Imagine: A Guide to Jesuit Prayer

Imagine: A Guide to Jesuit Prayer

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*Note: “Imagine” will be released in “The Word” podcast feed during Lent.

Welcome to “Imagine: A Guide to Jesuit Prayer”! In this 10-part mini-series, we’ll guide you through a form of prayer called Ignatian Contemplation, in which you’ll use your imagination to interact with various scenes from Scripture.  

In this podcast, you are invited to journey with Jesus from his baptism in the Jordan to his death and resurrection, experiencing various moments in his ministry along the way. 

Explainer:

The Baptism of Jesus:

The Call of the Disciples: 

Feeding the 5,000: 

Walking on Water: 

Jesus Raises Lazarus:

The Entry into Jerusalem: 

The Last Supper: 

What is Ignatian Contemplation? 

Contemplative prayer is a way of quietly being with God. It can mean reading Scripture and following a train of thought inspired by a certain passage or image, or simply resting in an awareness of God’s presence. In Ignatian Contemplation, as developed by St. Ignatius Loyola, the founder of the Jesuits, you use your imagination to place yourself in various scenes from the Gospel. Through Ignatian Contemplation, you’ll gain a sense of having actually witnessed the events described in Scripture.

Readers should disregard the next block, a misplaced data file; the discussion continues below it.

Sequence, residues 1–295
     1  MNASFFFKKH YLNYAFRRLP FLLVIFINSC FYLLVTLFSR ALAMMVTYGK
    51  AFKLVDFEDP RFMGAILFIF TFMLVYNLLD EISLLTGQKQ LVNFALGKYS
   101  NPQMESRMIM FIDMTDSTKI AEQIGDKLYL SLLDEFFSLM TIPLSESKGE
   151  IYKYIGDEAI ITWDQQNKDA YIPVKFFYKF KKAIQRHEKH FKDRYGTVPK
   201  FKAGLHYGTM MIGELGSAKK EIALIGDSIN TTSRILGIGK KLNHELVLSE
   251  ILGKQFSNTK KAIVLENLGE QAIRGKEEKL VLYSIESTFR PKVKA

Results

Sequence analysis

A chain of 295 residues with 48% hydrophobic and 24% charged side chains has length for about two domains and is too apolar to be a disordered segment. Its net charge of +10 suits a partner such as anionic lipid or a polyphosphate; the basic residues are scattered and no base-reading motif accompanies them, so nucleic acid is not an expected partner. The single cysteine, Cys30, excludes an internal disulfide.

What are the benefits of Ignatian Contemplation? 

Ignatian Contemplation can lead to a much more personal connection to Scripture and ultimately, a deeper connection to Jesus Christ, which is the primary goal of the Spiritual Exercises. 

How does it work? 

In each episode, your guide will summarize a story from the Gospels, then ask you questions that will help activate your imagination. You’ll have time to recreate the scene in your mind and observe what happens as the scene plays out. You’ll also be invited to imaginatively examine the scene using your five senses (i.e., imagining yourself tasting the bread that Jesus blesses at the Last Supper), which will add texture to your experience. 

At the end of your prayer experience, your guide will encourage you to make a colloquy, or a conversation “as one friend to another,” with Jesus. This may seem strange at first, so don’t try to force it. Instead, see what happens organically as part of your prayer. 

Won’t I just be making everything up? If Ignatian Contemplation is just in my head, what’s the point?

Doubt is a major temptation when practicing this form of prayer. Remember that the point of Ignatian Contemplation is not to engage in scriptural scholarship but to grow in your relationship with God. So don’t get worried about the details or the historical accuracy of what you’re seeing. If what you imagine helps you grow in love and relationship with God, then trust it. 

Where should I listen to this podcast?

Ideally, you should try to find a quiet space where you can shut out distractions and, if it helps, close your eyes or soften your gaze. If you’re fitting in this podcast whenever and wherever you can, please make sure to stay safe (i.e., DON’T close your eyes if you’re driving). 

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